The book is a great read BTW.



posted on Mar, 14 2006 @ 12:39 AM
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What did he say was the reason so many abandoned in Transit were found face down?



posted on Mar, 18 2006 @ 04:31 PM
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The edges of these monumental statues show signs of wear, on top of that, there are unfinished statues still lying around, in the island's stone pit. These people apparently 'walked' them using long ropes and dozens of men along with good coordination an overdose of plain luck (i wonder if any ever tipped over :lol
the hats are a problem, though, but these are not that heavy. The sad aspect is that they could have lived in a tropical paradise, but religion made them do dumb things and waste their lives. i could understand 1 statue, or 2 maybe TEN, for prestige but that's it ffs.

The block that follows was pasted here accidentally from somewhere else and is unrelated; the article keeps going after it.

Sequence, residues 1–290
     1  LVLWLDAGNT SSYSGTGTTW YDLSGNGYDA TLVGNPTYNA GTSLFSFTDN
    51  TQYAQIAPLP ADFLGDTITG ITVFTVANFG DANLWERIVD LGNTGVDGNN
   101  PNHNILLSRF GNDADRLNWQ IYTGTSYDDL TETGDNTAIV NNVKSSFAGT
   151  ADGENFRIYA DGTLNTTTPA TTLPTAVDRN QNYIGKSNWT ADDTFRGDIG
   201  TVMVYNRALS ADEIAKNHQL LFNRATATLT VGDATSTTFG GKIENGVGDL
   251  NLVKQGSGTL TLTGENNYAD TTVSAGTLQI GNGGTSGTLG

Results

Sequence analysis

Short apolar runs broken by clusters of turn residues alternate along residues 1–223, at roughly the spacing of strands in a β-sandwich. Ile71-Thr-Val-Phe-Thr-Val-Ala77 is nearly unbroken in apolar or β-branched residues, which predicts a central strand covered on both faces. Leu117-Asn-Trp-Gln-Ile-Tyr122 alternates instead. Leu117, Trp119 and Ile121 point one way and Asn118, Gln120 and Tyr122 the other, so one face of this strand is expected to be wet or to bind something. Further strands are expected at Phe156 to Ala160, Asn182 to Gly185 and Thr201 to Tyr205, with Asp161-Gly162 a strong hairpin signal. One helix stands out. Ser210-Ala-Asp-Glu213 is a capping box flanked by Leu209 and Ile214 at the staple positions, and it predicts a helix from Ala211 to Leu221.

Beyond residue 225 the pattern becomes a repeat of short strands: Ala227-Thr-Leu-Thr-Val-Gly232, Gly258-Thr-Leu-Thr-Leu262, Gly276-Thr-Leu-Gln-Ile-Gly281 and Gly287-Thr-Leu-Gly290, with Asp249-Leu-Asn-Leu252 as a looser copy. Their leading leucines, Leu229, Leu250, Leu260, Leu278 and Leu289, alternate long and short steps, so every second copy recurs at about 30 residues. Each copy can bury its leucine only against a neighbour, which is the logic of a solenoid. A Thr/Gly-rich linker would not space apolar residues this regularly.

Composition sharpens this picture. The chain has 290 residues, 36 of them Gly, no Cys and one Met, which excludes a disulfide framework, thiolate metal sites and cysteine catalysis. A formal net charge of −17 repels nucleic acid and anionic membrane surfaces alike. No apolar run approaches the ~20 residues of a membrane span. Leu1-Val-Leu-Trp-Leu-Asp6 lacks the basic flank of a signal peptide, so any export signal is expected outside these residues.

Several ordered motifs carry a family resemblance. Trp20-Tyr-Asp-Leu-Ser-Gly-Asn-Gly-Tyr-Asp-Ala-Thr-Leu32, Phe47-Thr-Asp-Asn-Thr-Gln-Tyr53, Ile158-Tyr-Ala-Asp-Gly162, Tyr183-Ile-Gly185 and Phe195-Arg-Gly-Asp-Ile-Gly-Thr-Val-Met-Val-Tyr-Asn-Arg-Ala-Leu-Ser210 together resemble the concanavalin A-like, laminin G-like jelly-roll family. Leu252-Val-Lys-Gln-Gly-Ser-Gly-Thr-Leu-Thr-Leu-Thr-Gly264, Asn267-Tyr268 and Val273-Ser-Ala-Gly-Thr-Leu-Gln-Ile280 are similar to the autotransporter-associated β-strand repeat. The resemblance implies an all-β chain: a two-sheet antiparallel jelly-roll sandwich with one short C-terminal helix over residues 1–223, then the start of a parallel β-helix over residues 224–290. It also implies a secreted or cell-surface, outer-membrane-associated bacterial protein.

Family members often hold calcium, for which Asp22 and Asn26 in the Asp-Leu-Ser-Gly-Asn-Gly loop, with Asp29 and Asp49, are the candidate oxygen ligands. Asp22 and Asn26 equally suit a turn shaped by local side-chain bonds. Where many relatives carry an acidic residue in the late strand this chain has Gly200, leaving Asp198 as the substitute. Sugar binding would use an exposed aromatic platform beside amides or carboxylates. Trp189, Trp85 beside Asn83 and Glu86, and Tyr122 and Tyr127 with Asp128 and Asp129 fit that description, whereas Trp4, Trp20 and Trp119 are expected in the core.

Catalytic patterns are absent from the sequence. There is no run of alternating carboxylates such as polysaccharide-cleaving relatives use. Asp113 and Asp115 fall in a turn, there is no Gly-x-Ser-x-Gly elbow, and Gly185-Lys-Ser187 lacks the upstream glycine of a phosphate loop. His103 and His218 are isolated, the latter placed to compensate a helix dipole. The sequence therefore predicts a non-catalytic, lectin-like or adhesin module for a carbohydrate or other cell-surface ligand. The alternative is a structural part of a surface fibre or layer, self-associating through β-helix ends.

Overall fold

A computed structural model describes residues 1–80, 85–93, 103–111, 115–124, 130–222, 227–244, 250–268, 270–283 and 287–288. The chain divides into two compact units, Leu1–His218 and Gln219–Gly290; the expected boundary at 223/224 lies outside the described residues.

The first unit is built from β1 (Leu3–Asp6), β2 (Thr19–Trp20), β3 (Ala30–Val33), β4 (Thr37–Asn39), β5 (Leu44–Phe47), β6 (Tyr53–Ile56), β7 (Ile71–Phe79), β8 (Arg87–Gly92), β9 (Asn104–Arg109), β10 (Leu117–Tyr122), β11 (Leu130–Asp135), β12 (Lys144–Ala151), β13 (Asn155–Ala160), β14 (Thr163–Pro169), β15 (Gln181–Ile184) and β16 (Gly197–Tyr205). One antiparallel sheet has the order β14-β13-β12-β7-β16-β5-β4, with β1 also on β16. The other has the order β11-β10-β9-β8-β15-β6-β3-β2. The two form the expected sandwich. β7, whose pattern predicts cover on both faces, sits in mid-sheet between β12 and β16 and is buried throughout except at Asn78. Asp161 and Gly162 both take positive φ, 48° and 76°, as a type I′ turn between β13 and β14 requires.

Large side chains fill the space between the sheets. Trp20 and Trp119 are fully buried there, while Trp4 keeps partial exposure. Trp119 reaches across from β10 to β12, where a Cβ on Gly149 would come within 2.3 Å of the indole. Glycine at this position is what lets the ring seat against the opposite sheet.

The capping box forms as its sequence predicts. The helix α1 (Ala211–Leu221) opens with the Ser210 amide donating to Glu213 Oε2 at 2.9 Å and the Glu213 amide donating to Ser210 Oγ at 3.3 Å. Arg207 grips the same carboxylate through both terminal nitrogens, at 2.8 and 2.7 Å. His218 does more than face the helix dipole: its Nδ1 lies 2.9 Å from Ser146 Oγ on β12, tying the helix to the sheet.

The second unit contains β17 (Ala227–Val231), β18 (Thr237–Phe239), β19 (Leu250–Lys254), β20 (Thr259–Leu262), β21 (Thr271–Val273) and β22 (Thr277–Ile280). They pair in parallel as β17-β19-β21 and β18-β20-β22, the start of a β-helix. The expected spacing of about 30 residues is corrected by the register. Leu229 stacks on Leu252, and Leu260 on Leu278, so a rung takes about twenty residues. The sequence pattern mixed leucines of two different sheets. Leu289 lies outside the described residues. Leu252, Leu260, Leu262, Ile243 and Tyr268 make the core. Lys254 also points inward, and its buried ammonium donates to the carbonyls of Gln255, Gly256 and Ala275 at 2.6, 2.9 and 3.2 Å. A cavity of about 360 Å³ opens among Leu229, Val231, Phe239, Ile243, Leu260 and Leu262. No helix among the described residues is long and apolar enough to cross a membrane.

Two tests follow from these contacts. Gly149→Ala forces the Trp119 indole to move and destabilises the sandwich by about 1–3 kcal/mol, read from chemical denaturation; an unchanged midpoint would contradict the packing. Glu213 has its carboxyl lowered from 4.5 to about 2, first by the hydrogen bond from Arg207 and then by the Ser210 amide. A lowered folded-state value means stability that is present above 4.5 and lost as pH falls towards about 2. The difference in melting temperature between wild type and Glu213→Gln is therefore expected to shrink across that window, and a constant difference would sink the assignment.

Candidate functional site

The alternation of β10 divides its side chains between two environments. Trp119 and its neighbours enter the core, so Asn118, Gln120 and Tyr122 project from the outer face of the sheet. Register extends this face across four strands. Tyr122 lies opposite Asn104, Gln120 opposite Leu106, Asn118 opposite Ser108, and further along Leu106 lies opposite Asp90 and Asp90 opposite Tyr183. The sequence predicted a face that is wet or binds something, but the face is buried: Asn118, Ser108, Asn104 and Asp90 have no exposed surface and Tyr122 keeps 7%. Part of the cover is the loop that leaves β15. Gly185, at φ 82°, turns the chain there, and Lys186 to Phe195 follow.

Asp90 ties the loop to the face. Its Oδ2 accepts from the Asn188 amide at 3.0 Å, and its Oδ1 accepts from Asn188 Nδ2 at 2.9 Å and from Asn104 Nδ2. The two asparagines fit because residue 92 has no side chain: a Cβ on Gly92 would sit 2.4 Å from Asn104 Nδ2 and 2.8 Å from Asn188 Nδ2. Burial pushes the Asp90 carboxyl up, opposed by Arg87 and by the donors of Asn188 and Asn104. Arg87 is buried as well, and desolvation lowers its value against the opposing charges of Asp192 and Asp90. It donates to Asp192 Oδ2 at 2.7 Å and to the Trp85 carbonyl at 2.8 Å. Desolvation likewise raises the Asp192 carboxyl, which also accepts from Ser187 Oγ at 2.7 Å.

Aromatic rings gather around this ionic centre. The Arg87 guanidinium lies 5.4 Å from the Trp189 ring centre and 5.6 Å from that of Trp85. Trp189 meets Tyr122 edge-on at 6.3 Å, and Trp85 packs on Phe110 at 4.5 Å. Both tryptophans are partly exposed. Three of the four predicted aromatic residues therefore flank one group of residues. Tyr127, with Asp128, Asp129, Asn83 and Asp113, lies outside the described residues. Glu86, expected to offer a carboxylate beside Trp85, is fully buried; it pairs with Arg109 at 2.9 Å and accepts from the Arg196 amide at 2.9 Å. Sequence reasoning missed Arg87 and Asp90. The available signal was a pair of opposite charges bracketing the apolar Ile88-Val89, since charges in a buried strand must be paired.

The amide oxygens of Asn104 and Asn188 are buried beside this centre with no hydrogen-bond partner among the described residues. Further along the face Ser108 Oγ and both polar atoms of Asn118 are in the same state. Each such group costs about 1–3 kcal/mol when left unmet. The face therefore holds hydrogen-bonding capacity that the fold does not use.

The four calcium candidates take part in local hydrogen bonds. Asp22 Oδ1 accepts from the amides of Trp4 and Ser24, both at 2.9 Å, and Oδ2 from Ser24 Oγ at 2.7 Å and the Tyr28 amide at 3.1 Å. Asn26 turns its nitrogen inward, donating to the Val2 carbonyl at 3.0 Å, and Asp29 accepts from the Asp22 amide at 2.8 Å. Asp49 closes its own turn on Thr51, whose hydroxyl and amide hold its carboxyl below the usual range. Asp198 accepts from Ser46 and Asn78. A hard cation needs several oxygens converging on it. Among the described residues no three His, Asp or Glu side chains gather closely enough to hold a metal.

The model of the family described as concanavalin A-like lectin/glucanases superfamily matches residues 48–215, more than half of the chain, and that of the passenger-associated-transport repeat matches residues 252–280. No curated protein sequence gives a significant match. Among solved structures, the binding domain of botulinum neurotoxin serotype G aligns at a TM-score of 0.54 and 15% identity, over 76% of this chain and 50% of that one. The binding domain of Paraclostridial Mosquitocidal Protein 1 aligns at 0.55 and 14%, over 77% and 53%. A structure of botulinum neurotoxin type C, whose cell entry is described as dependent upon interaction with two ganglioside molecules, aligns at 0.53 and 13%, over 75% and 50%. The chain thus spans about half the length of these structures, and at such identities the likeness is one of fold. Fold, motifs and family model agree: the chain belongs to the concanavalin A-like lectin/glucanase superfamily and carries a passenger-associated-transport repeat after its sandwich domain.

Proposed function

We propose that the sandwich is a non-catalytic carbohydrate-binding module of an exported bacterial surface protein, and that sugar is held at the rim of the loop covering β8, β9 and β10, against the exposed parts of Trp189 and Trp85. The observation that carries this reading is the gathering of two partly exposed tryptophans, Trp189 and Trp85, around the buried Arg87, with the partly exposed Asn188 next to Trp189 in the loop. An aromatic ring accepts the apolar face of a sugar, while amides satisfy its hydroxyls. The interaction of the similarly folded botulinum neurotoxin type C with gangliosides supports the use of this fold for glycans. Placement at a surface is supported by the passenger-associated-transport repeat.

Stonehenge is actually much more mysterious, because the source rock cannot be found within hundreds of miles.



posted on Mar, 18 2006 @ 05:04 PM
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There is no mystery behind the Easter Island statues. Here's a wee story. Completely speculation but it makes sense(ish).
Once upon a time, there was a thriving island community. Everyone was happy and gay, so they built a statue to commermerate their God, Whatishisface. The statue was a mighty statue to behold and showed off the prosperity of that village, but there were other villages who thought they could do better, so they built bigger statues, even better then the first. The other village seeing this statue, decided to build a bigger statue, to show that they were the better of that other villages. This then caused warfare, killing everybody, and leaving the rest to starve, because they used all of the natural resources to build the whathisface's statues. This left the island barren, and everybody died.